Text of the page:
Thus, there is a need for a non-volatile electrically programmable memory that is less vulnerable to the risks of data corruption than existing solutions.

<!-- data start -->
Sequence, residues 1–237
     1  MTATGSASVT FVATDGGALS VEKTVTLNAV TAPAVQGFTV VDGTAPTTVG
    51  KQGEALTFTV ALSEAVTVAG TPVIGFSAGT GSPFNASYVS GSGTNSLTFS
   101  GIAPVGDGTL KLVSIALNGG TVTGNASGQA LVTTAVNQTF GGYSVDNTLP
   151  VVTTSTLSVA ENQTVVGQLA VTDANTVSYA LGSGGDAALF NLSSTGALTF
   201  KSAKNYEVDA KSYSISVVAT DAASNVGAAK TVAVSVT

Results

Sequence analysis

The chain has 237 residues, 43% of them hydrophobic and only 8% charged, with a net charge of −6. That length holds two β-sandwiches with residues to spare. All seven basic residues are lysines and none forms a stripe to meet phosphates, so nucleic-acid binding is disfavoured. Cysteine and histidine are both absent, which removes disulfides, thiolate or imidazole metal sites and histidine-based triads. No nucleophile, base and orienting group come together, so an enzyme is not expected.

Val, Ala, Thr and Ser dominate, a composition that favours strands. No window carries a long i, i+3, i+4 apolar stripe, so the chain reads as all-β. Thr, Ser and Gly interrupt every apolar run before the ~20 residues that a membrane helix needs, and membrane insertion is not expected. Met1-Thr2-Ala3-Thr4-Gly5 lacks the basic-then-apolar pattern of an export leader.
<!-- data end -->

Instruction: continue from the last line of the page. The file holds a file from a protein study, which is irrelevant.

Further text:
More precisely, an object of the invention is to propose a non-volatile memory that is less vulnerable to the risks of data corruption mentioned above, while being small in size and at a lower cost. For this purpose, the invention is based on a method for managing a non-volatile memory, characterized in that it comprises a secure write method comprising a first data writing phase in a first bank of a plan memory of the non-volatile memory, then a second phase of writing the same data in a second bank of the same memory plane of the non-volatile memory in the event of success of the first writing phase. The method of managing a non-volatile memory may include a prior step of comparing at least two twin bits of the two banks of the memory array and correcting one bit for corrupted data. The method for managing a non-volatile memory may comprise a sub-step of reading twin bits of the two banks of the memory plane at an address chosen for writing, a sub-step of comparing these two twin bits, a sub-step of activating the lock of the bit line of the first bank, according to the future data to be written in the bits concerned, a repair sub-step which includes the activation of the bit bit line lock; second bank in order to be able to write the exact data in this second bank in case of non-equality between the data following the substep of comparison, then a substep of incrementation of a column pointer and the repetition of preceding substeps until the entire data packet concerned by the write is processed. The method for managing a nonvolatile memory comprises a write phase as such of the bits of the memory, which comprises a preliminary test in a repair test sub-step, and then a substep of the first bank alone if no repair is needed, or a prior write sub-step of correcting the second bank before writing the first bank if a repair is needed. The method for managing a non-volatile memory may comprise a step of aligning the two banks of the memory plane, which comprises a sub-step of reading the twin bit data of the two banks in the pointed column, a substep of comparing the read data, a substep of incrementing the column pointer in case of equality between these data, a sub-step of activating the bit line lock for the twin bit of the second bank in case of no equality between these data in order to copy the bit data of the first bank into the second bank, a repetition of these steps as the end of the bits concerned by the alignment is not reached, then the launch of a sub step of writing in the second bank if a correction has proved necessary.